by: Scott Lodder [ ]
This kit is the interior fixtures for a WWII period grocery store. The box art tells a good story of what this kit is all about. It has a tall cupboard with shelves and a cabinet. Out front is a large “L” shape counter. The accessories are: big baskets of potatoes or apples, trays of vegetables, a bag of flour/grain, various bottles and canisters, a cutting board, a wood plane (?), note book, scale and cash register.
All in all there are 33 resin pieces and a small PE sheet.
Cupboard 55mmH x 15mmD x 32mmW
Counter is 25mm high
Counter 64mmW x 30mmD (at deepest), 16mmD (narrowest)
Counter height – 25mm
Bottle is 9mm high
Taking a closer look at the kit shows that this is a nice addition to your stash. The wooden pieces have lightly brushed texture that should mimic wood tones very well. Other textures that look good are the baskets, the grain, and even the cash register. The wicker baskets show nice tight weaves. The grain in the bag is stippled resin, not just a flat casting. The cash register has ornate moldings on it very much like period registers.
A quick look in Wikipedia for grocery stores shows that on first take this kit fits the bill. The loose product on furniture like fixtures is spot on. In Europe this style of “Mom and Pop” stores is very prevalent and could even be used in dioramas later than WWII.
The cash register is a nice touch of history. The cast details are reminiscent of period registers. The PE sheet has ‘buttons’ to add even more realism. These are really small parts so be very careful.
This construction of the kit is straight forward. The biggest challenge for you will be the PE buttons on the register; they are really, really small. The rest looks very basic. The bigger pieces have typical resin blocks. They are in easily removable locations so they should not be too bad. The counter has a pretty cool feature, it’s reversible. The top has wood grain texture on both sides so it can be flipped over and the “L” can go on the left or right side.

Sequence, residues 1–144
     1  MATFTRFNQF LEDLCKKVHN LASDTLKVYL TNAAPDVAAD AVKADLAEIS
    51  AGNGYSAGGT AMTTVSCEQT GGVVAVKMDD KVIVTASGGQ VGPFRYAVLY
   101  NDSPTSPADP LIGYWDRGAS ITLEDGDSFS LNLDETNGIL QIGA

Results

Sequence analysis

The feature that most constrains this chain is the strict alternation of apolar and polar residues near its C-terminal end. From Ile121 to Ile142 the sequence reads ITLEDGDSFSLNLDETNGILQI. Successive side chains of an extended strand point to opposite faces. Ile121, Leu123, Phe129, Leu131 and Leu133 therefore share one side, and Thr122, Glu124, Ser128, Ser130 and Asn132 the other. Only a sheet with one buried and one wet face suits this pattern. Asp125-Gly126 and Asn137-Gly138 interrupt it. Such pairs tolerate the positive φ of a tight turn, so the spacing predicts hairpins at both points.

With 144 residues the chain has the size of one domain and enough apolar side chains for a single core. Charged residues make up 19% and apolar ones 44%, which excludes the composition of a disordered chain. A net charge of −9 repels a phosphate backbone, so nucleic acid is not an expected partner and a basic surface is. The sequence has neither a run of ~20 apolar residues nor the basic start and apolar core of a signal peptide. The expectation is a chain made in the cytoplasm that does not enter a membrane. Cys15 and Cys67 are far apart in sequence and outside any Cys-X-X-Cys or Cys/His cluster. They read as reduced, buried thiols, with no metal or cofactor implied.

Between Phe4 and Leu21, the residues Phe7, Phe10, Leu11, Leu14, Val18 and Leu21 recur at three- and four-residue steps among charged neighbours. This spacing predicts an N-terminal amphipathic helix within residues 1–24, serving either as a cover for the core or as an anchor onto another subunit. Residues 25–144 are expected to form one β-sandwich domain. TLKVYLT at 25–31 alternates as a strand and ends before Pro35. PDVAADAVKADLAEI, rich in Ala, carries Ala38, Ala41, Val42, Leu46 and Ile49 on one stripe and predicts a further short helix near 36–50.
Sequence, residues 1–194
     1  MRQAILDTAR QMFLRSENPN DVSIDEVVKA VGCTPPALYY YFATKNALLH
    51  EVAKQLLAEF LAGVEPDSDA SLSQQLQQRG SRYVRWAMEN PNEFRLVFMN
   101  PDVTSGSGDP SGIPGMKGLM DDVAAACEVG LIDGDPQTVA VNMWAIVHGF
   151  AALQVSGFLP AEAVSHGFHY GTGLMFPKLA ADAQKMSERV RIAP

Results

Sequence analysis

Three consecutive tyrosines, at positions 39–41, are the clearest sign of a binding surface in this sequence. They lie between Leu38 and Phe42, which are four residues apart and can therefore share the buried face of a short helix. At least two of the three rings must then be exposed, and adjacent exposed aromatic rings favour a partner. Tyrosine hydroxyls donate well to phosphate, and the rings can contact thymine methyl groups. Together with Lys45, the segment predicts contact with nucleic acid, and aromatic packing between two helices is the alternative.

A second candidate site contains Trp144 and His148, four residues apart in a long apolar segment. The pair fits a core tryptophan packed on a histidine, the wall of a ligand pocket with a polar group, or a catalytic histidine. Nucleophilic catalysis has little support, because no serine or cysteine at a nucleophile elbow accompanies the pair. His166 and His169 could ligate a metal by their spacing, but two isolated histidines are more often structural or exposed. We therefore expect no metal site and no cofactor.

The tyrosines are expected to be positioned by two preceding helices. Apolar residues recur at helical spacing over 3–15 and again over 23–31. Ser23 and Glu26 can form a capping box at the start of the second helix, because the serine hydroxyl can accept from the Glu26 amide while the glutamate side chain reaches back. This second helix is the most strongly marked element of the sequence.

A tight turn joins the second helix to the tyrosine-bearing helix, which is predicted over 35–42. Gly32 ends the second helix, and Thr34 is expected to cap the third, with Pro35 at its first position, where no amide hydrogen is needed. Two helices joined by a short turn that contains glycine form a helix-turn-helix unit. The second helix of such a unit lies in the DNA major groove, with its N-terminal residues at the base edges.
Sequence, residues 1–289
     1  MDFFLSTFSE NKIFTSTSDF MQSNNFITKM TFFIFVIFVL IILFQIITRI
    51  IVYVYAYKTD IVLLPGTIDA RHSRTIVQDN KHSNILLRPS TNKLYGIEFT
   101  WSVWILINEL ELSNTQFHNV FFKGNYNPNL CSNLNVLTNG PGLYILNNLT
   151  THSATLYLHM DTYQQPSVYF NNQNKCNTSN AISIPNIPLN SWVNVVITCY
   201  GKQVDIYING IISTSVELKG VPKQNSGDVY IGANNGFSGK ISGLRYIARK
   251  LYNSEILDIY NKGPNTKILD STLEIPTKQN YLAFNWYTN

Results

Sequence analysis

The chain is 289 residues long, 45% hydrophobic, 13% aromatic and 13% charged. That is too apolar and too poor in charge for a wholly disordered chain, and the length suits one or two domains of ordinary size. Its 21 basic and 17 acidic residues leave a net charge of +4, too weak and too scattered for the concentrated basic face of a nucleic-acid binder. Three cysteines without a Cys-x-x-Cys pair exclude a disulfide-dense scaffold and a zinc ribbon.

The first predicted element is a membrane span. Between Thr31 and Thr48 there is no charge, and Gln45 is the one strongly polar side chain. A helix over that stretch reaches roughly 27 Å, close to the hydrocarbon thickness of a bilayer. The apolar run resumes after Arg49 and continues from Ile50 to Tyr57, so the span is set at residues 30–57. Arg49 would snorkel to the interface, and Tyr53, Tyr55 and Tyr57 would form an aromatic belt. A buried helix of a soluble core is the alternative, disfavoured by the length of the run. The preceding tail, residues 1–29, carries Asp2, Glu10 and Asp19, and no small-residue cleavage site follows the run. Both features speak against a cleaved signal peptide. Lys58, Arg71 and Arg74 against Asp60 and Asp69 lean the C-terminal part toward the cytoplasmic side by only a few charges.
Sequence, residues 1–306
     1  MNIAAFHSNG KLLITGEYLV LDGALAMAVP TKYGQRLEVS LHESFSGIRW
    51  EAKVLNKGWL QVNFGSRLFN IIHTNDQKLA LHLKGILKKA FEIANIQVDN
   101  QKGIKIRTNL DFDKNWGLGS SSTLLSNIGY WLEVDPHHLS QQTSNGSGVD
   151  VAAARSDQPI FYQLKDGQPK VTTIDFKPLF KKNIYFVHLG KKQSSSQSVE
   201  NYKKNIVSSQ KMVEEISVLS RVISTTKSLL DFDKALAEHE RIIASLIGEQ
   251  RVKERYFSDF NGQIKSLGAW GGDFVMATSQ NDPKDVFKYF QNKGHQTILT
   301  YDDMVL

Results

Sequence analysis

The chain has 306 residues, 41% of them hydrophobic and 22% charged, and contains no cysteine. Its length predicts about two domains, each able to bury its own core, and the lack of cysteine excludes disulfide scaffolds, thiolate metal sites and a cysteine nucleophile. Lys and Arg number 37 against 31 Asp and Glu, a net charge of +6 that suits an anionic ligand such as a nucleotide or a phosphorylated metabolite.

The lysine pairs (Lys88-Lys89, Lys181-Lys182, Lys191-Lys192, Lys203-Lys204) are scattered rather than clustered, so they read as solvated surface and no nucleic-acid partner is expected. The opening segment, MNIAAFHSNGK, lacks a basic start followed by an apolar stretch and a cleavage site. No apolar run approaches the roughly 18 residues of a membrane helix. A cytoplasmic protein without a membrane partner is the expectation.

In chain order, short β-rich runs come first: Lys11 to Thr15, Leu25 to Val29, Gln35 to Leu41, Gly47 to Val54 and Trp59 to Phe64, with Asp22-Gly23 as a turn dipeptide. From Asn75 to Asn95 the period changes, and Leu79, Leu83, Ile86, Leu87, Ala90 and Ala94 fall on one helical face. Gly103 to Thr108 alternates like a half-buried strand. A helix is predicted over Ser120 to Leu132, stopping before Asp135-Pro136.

One big question is the existence of a shelf. One of the pieces is an obvious shelf (6th photo with the register.) The instructions don’t show the intended location for it. The only place I can think it could go would be underneath the “L” counter. This would be a feasible location, but not a practical one because you really won’t see it.
The counter is roughly scaled out to 87cm (34 inches) high. That’s within normal limits.
The width scales out to be 2.24m wide (88 inches), again within normal limits.
The bottles scale to 12 inches. Again pretty acceptable.
This kit impresses me quite a bit. The potential is really good. If you do a diorama of a shop interior this would fit. If you do a war damaged diorama this can easily be used to fill in as debris. The quantity of parts and details is great and can really fill a scene.
The details of the pieces are good. The resin looks very workable. What test fitting I did look like the parts that do get assembled will go together well.